Arthropods Birds Forests Fish Mammals Phragmites Control Reptiles & Amphibians Water Quality
The Parkers Creek Watershed is a hot spot of ecological diversity which thrive on its preserved, contiguous lands. Its habitats include forested uplands, forested wetlands, mesic stream valleys, tidal freshwater and saltmarsh wetlands, pocket beaches, and fossil-bearing sea cliffs.
On any given day, eagles, heron, osprey, deer, beaver, otter, songbirds and other native and migrating species can be spotted in the woods and marsh. For the best wildlife sightings, join us for a guided canoe trip or hike the trails early in the mornings or just before sunset.
Land Management and Habitat Improvement
- Birds, Mammals and Fish: ACLT is currently conducting a comprehensive survey of bird and fish populations to better inform our habitat support and improvement programs (Spring 2017). The National Audubon Society deemed the Parkers Creek Watershed an “Important Bird Area” for statewide conservation and describes the it as “the most diverse relatively undisturbed multi-ecosystem left on the western shore of the Chesapeake Bay.”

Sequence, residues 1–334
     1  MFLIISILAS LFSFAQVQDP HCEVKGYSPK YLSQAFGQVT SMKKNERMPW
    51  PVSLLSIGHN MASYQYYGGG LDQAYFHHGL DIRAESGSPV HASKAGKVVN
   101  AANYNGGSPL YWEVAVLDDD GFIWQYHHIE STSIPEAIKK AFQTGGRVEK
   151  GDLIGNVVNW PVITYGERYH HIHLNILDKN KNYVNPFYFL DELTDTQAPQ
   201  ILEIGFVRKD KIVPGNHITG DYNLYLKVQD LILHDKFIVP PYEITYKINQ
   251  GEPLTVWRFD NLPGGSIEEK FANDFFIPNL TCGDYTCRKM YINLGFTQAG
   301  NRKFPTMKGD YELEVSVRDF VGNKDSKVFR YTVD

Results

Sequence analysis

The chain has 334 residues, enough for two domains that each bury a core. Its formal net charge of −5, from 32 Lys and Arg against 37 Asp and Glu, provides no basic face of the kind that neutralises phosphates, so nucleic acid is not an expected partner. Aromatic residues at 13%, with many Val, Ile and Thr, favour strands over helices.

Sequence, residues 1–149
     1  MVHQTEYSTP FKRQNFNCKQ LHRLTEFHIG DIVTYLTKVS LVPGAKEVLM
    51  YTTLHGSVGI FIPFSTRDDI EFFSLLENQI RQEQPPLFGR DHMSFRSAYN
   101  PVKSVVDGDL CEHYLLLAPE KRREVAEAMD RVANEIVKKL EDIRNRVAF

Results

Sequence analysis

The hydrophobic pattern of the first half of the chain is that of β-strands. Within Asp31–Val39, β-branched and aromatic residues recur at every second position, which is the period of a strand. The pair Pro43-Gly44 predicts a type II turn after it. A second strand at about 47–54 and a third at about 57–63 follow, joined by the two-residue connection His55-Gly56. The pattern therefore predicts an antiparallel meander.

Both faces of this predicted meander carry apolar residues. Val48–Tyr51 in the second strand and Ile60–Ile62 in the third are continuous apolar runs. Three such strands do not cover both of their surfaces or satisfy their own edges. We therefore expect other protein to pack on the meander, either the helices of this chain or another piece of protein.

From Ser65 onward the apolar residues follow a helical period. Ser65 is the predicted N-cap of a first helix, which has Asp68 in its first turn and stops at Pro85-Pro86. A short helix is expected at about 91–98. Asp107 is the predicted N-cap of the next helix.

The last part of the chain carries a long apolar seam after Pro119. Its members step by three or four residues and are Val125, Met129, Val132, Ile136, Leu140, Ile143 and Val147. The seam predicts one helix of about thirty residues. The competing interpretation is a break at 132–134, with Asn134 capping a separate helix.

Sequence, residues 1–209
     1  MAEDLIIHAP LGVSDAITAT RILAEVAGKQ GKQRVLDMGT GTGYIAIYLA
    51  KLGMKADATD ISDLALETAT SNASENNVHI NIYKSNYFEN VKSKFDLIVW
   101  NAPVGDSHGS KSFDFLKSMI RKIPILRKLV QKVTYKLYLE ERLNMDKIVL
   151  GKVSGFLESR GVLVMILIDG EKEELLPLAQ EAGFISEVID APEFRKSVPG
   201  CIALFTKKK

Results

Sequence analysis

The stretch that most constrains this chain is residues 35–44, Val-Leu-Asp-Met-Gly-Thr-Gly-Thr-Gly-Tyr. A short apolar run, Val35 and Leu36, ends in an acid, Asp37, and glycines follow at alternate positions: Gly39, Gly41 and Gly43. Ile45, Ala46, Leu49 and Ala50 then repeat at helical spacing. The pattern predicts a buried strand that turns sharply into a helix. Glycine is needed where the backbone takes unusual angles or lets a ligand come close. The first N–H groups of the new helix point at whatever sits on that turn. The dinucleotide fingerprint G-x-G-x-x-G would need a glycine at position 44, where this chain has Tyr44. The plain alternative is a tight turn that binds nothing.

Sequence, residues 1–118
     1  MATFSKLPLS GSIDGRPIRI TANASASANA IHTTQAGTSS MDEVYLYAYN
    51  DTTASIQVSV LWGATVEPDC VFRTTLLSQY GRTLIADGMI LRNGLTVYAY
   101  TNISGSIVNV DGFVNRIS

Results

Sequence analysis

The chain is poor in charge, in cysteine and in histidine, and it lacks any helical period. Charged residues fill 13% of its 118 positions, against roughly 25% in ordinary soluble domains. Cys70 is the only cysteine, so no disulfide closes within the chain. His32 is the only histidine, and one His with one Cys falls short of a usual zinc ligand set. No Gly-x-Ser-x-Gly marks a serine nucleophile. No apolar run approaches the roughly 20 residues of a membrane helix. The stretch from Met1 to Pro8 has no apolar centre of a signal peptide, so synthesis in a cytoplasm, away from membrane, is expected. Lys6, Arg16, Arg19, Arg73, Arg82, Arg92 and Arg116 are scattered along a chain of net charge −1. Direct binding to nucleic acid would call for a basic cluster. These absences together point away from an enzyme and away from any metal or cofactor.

- Forest: Working with our Science Committee, we’re designing a method of taking inventory of our forest species diversity and monitoring how they change over time. Forests types include old growth, dry upland, coastal plain, mesic mixed hardwood and wetland. Plant life is bountiful and varied including several endangered species.
- Insects, Reptiles and Amphibians: Because of the large forested areas around vernal pools, a wide variety of these species thrive in the Parkers Creek Watershed including several notable rare and endangered species.
- Water Quality Monitoring: For more than 20 years ACLT has continually sampled the waters of Parkers Creek to ensure its health. Currently, the watershed exceeds all standards set for the county and is one of the healthiest in the region.
For a broader overview of current land management activities, see Establishing a watershed baseline by Autumn Phillips-Lewis, ACLT's Land Manager, on page 8 of the Winter 2017 issue of Watershed Observer.